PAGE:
Music

In music, our pop projects having now been finished, we have moved on to musical theatre.  This unit and project are short, as we only have two more music classes left before our final concert.  In the end, we will write a short paragraph about ballets, operas, or Broadway musicals.  Currently, we are covering one subject a week, by watching a clip from an example of the subject then filling out a paper about it.  It’s a pretty cool project, as we get to learn more about ballet, opera and the musical, all things that I don’t know that much about.

Also, we are, of course, preparing our chorus pieces.  Kusimama is our current project, and we added in the stomps and are fine-tuning it.  This coming week, we will review Kyrie Canon and Be a Candle of Hope.  Overall, I am really excited for our performance!

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Museum of the Moving Image

This past Thursday, we went to an awesome museum in New York City: the Museum of the Moving Image!  We had a tour scheduled for 12:00.  We ate lunch on the way.  When we finally arrived, our tour guide, Sarah, was ready for us.  We started with going to an exhibit about the visual part of a movie.  When we got there, we entered a room with a flashing light.  In front of us, there appeared to be this moving sculpture.  At first, I wasn’t sure that it was actually there at all.  However, a steady light replaced the flashing one and we realized that it was a rapidly-rotating sculpture showing a continuous chain of events.  It was far harder to understand without the flashing light, which led Sarah to explain to us the need for the blank frame in between action frames.  We left the room to go to an optical illusions area.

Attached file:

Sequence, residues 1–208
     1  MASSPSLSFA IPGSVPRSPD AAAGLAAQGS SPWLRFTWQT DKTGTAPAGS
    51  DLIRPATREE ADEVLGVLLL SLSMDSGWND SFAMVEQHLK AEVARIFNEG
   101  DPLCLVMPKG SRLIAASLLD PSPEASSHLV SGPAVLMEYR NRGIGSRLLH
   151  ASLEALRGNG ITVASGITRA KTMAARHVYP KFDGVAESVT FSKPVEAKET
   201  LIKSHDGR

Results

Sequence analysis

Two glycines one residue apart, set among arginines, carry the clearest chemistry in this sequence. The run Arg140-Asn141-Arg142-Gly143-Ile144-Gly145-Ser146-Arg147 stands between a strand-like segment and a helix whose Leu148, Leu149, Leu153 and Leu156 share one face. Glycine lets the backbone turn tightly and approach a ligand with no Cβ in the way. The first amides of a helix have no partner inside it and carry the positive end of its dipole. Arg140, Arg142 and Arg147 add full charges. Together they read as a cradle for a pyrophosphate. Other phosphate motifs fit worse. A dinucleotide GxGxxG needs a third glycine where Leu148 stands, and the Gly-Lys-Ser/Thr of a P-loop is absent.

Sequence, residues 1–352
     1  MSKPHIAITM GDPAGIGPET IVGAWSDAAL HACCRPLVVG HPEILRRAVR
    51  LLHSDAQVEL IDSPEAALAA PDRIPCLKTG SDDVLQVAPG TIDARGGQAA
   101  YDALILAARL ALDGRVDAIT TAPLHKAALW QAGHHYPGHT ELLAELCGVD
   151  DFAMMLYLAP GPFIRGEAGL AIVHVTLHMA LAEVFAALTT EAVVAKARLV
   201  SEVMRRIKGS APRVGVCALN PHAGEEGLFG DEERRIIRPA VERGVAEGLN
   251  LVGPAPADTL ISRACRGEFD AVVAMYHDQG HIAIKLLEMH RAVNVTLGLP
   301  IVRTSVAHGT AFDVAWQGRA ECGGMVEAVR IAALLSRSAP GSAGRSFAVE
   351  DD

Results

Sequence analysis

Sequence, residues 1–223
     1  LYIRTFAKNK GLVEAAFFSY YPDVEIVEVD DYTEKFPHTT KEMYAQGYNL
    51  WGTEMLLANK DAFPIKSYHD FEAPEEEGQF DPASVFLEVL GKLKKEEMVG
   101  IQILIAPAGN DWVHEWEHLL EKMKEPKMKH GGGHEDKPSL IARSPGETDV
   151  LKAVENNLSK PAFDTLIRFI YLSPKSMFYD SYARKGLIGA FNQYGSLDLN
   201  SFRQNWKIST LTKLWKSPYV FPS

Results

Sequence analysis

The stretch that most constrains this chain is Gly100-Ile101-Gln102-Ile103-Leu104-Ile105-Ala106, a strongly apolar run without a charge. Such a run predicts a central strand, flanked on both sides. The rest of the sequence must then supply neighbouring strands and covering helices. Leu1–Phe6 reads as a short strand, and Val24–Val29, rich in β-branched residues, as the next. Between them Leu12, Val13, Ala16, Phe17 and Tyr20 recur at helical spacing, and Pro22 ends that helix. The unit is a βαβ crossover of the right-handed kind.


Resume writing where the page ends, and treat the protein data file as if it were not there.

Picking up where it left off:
Here were, essentially, the very first moving pictures.  What we went to first was a token-like thing on a string.  The strings were attached to poles on either side.  On one side of the token was the picture of an empty cage, on the other side, a red bird.  Sarah twisted it and untwisted it using the strings, and it appeared that the bird was in the cage.  Then, we moved on to a cylinder, with only the top open.  On the sides, there were periodical slits cut into the material.  On the inside, opposite the slits, there were different frames of a man running.  Spinning the cylinder then looking in through the slits would make it appear as if the man were running forward (he was also a very good backwards runner–he didn’t trip once!).

Then, we moved on to audio.  We watched a clip from a movie without any music, then had to decide, from the options, which song fit best.  It was interesting, and it really showed how much the music affects the mood of a scene.

We did a lot more, but we finished up by watching a movie.  This movie was a silent movie, featuring Charlie Chaplin.  It was called, “The Immigrant.”  It was funny and a great end to the visit.  Two interesting things I learned there were that the pianists would generally be playing live and just be improvising and that the streaks and such on old films were caused by actual dirt and scratches on the film itself.  Overall, I thought that it was a really engaging museum, full of interesting information.

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Pop Project – Music